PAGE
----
Saturday, September 05, 2009
Super Mario Galaxy
Multiplayer: Offline co-op (kinda)
Reviewed on: Wii
ESRB rating: E (Mild Cartoon Violence)
BMR rating: E (Mild Cartoon Violence)
Expertly-designed levels - Fantastic music - Amazing graphics - Lots of variety - Excellent controls - Traditional Mario style merges perfectly with outer space splendor - Boatloads of pure fun
Not So Good Points:
Too easy to get 100% - Hub world could be more interesting
It would be no hyperbole to state that Super Mario 64 is a phenomenally tough act to follow. Whether or not you are one who believes that Super Mario Sunshine succeeded in this task, there's still a pretty good chance that Super Mario Galaxy will amaze you like very few games have before. What we have here is a quality product, top to bottom, and one that makes Mario fans around the world proud. Once again Mario takes the spotlight in a 3D platformer that has the beloved plumber leaping through fantastical lands, grabbing gold coins, and doing all that Mario stuff that you remember so fondly. But this time... he's in outer space.
But I'm getting ahead of myself. There's a pleasant little story that goes along with the adventure, so let's lay it out real quick. Princess Peach sent a special invitation to Jumpman himself to attend the mystical Star Festival, and being the jolly Italian that he is, Mario accepts. However, during the festival, the evil Koopa King known as Bowser shows up, and panic ensues. The Princess, naturally, is kidnapped, and it's up to Mario to rescue her. He somehow winds up in space, meets a beautiful woman named Rosalina, and the adventure begins! There's also an optional storybook sequence that you can partake in if you so desire, but despite the charming visuals, I didn't find it to be particularly interesting. All in all, it's a simple plot, and that's just fine. It sets up a likable quest and focuses on the real meat: the gameplay.
Rosalina's floating spaceship acts as your hub, and while it's nowhere near as imaginative or fun to explore as Super Mario 64's castle was, it serves its purpose. From there you can access the various galaxies (or, put more simply, levels), interact with the inhabitants (including a ridiculous group of Toads known as the Toad Brigade), or just jump around and do some acrobatic tricks. Each galaxy has its own set of Power Stars to collect, which presents a varied amount of challenges to complete. As you unlock more Stars, more galaxies will become available to you, so you can pick and choose which levels you want to play at your leisure. This is a pretty familiar chain of events for most Mario veterans, but the actual galaxies are surprisingly different than you might expect.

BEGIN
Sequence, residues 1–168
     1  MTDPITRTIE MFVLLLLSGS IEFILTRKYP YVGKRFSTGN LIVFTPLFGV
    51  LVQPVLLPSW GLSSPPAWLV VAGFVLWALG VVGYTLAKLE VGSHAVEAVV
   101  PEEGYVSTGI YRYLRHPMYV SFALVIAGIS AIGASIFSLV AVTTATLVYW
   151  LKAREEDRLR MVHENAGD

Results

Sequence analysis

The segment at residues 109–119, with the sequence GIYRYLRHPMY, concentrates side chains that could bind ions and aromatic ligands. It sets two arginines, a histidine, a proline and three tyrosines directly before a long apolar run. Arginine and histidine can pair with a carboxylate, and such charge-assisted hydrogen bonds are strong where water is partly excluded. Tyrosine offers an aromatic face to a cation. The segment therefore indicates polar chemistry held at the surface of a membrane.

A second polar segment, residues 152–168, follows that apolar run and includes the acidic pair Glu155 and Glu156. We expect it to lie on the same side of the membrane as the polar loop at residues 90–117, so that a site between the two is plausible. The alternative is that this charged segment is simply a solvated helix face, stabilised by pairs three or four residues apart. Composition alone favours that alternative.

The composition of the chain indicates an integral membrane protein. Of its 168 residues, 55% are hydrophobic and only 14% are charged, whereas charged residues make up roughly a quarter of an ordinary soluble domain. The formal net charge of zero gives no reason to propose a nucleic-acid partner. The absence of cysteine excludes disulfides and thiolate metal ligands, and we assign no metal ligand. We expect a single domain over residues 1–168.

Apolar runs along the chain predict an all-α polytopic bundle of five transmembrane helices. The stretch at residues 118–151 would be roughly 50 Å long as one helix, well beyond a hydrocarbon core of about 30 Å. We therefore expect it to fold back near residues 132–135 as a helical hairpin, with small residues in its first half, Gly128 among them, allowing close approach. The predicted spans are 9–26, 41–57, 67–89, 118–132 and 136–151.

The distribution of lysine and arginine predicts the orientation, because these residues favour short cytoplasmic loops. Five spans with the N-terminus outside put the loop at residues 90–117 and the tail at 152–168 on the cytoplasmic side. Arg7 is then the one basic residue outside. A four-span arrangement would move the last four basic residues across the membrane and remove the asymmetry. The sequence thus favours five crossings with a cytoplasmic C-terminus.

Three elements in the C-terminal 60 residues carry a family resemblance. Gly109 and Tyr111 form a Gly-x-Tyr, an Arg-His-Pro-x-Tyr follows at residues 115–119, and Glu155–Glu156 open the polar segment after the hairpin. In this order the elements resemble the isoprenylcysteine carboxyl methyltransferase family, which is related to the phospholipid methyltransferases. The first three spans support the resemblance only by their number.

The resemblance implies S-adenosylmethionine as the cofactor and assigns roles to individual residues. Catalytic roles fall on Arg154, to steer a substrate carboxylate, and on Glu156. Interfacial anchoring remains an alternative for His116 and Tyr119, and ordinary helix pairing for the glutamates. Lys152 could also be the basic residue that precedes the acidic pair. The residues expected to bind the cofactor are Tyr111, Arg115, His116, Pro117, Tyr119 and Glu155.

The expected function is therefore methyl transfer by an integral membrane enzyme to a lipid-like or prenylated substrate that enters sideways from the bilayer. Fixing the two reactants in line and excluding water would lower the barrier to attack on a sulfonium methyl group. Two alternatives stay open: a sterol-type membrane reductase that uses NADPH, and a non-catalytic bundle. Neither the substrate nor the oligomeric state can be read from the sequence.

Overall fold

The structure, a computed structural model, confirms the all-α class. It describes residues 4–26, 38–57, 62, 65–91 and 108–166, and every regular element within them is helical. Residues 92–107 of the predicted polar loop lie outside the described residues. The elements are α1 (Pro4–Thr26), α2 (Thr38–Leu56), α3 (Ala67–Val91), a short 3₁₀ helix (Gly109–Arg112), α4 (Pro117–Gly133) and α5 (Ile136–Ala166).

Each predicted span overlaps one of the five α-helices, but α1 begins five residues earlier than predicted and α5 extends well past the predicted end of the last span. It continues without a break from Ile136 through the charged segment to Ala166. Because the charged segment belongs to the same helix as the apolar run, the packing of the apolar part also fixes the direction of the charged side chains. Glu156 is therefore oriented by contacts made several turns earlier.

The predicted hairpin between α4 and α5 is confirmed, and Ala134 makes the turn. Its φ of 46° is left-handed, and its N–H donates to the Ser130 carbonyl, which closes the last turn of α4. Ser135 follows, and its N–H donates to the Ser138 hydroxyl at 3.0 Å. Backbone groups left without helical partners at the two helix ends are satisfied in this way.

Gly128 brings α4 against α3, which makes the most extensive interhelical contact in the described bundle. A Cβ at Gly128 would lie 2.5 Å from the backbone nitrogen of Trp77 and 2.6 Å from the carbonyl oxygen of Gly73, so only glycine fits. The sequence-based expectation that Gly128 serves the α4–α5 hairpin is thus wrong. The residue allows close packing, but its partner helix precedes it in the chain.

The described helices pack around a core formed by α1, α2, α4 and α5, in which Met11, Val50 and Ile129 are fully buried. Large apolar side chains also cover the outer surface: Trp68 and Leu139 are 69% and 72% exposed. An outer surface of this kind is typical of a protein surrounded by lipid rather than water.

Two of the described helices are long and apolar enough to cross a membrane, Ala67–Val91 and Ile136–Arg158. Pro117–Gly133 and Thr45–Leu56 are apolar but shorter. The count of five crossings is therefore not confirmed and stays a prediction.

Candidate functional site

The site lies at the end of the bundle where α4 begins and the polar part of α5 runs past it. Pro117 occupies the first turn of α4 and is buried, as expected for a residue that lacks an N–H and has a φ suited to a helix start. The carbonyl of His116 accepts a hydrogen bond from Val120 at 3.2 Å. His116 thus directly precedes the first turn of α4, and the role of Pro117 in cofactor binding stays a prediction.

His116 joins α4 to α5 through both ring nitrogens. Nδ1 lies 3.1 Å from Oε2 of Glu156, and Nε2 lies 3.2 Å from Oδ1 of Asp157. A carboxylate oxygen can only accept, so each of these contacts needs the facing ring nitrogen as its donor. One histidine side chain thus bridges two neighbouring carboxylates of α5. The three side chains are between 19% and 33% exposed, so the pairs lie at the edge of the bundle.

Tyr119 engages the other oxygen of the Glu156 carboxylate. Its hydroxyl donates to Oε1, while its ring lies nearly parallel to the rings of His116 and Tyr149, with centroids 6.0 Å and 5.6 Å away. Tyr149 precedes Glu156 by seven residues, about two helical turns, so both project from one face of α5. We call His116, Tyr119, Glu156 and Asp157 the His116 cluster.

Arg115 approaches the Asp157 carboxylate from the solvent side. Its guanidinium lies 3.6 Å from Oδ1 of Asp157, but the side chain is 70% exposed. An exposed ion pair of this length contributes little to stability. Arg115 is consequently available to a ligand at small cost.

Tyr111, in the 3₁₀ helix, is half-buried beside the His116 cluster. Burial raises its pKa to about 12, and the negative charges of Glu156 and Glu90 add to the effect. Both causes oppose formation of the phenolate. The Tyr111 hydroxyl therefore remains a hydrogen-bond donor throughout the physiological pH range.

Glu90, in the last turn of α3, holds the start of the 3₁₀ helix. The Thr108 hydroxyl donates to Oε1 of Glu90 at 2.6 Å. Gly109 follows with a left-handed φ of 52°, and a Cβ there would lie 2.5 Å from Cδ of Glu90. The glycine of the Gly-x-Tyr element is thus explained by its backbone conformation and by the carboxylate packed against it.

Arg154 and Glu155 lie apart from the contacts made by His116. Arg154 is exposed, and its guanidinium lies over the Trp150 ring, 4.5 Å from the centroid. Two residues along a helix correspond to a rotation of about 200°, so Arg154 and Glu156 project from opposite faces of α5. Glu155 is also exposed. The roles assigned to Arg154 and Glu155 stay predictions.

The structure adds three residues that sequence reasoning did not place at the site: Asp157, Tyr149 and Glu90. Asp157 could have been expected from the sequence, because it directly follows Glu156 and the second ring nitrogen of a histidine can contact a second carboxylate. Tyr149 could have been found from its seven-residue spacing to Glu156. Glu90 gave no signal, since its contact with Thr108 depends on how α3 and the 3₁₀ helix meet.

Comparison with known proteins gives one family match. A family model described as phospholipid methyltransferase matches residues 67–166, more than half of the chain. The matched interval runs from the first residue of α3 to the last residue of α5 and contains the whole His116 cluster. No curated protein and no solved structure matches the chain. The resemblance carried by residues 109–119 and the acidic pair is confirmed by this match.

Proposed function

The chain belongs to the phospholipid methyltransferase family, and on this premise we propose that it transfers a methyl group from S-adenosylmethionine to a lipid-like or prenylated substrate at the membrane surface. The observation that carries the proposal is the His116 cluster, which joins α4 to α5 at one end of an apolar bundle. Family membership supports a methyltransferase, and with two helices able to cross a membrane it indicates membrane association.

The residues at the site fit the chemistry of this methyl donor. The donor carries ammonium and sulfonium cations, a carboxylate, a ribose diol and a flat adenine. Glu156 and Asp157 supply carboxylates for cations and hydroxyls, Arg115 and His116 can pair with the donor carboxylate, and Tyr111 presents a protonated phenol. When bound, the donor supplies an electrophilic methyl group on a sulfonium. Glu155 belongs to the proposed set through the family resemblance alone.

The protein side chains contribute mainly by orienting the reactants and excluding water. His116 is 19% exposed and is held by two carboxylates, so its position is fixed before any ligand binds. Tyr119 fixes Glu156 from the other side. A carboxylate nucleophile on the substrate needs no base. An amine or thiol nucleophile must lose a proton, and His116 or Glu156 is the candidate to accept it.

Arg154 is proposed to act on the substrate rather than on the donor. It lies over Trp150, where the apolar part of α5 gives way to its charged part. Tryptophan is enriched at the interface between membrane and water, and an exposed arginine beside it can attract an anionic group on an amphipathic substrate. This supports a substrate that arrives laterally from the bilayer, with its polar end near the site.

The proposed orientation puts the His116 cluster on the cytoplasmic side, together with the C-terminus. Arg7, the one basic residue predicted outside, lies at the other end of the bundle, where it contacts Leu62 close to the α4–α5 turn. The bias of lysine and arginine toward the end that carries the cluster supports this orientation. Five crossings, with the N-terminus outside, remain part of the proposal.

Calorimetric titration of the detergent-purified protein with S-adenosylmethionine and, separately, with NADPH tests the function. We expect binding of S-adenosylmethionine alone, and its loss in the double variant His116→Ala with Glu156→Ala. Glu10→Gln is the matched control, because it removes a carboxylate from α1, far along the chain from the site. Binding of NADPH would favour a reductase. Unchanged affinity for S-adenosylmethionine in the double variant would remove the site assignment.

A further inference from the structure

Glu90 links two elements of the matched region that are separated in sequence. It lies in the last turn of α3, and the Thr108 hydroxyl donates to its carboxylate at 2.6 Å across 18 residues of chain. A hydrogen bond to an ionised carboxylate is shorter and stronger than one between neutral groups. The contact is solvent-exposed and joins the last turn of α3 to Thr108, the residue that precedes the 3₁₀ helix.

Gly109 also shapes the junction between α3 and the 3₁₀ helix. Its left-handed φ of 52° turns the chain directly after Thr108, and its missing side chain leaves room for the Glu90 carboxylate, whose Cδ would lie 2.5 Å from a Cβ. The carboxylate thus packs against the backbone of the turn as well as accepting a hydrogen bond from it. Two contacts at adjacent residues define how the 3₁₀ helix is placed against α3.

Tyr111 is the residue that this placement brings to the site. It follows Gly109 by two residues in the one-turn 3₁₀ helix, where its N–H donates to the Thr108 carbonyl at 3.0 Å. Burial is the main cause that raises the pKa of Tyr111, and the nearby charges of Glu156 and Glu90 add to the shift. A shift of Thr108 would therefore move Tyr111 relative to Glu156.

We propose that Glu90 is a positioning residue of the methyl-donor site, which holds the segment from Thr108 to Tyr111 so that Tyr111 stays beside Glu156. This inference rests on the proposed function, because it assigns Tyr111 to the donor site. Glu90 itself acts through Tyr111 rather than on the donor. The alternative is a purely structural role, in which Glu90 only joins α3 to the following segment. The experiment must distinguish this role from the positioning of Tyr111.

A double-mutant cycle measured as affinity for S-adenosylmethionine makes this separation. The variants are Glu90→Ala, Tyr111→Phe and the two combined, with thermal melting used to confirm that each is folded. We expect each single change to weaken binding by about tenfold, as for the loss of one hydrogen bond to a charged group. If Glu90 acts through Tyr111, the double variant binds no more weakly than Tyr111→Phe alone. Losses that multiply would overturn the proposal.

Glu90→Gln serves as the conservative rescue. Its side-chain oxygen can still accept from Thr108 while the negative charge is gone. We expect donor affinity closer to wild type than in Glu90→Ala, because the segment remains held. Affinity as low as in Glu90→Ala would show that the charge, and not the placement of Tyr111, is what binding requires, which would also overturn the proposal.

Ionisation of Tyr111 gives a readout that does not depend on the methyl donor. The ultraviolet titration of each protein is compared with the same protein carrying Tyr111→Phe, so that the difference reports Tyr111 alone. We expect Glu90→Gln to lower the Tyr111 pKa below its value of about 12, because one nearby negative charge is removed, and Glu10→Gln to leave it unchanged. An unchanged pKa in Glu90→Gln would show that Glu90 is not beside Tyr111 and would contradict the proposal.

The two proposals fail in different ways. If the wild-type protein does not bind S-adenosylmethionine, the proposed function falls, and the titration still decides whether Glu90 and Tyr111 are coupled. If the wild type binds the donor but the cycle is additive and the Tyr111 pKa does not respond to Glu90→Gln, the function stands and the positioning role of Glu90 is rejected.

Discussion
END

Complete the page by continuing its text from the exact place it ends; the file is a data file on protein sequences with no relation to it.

First of all, the levels are more linear than the previous games. Rather than the sprawling locales of the past, the paths are usually more straightforward, striking a delightful blend between the 2D and 3D Mario experiences. But what really sets Super Mario Galaxy apart from the crowd is its crazy laws of gravity (or lack therefore of). You'll find yourself running upside down, sticking to objects that seem more the size of a cantaloupe than a planet, and leaping into the air only to get pulled into an awesome gravitational rotation of a pint-sized planet. Yet through all this insanity, the camera keeps up with your movements perfectly and the level design stays consistently excellent. You can also count on grabbing a number of different power-ups that give Mario a plethora of interesting abilities. Unique ideas thrive in this game, and you'll find more platforming goodness than the world has seen in quite some time.
No, your eyes do not deceive you. This is actually a very common activity in the world of Super Mario Galaxy.